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Case report
Primary hepatic neuroendocrine tumour masquerading as a giant haemangioma: an unusual presentation of a rare disease

Abstract

Primary hepatic neuroendocrine tumour is an exceedingly rare entity. We hereby delineate the case of a 45-year-old Balti descent woman who hails from a land-locked village situated in the foothills of the Pakistani Himalayas. The patient presented to our medical centre with a hepatic mass. She underwent extensive diagnostic workup. The consistent findings of an abdominal CT scan, coupled with her clinical history, insinuated a preoperative diagnosis of atypical hepatic haemangioma. After a detailed discussion in a multidisciplinary meeting, a standard right hemihepatectomy was performed. She had an uneventful postoperative recovery and was discharged in stable condition after 1 week. Surprisingly, pathological examination and immunohistochemistry of the resected specimen divulged the diagnosis of a grade II primary hepatic neuroendocrine tumour. Her somatostatin-receptor scintigraphy and Gallium-68 DOTATATE positron emission tomography scan excluded residual hepatic or additional body lesions. Regular follow-ups over the past 4 years demonstrated unremarkable radiological findings with no recurrence to date.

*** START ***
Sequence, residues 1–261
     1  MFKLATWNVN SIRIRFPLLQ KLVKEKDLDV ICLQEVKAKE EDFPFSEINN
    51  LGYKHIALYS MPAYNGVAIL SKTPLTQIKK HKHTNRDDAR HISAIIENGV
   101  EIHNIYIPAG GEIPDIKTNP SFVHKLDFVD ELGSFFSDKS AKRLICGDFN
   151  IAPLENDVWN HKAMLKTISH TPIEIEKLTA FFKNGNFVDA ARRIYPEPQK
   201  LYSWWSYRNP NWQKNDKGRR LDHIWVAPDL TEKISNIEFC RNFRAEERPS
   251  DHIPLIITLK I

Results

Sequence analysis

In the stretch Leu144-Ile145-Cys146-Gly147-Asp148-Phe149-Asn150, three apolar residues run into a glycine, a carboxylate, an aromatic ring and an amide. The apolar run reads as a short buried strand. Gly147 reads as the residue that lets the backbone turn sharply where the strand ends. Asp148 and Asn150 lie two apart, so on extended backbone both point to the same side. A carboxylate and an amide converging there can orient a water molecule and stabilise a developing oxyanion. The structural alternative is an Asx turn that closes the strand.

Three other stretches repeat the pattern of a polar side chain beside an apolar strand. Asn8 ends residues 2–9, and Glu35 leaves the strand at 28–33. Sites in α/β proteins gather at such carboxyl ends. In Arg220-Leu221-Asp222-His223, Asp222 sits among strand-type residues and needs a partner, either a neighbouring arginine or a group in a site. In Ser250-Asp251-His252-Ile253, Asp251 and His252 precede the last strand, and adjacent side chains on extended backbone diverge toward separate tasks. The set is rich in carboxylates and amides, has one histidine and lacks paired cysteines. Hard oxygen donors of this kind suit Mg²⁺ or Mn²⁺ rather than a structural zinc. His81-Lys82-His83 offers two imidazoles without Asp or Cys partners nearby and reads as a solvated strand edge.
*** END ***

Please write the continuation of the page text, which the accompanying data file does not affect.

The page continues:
• hepatic cancer
  • hemangioma
  • carcinogenesis
  • surgical oncology

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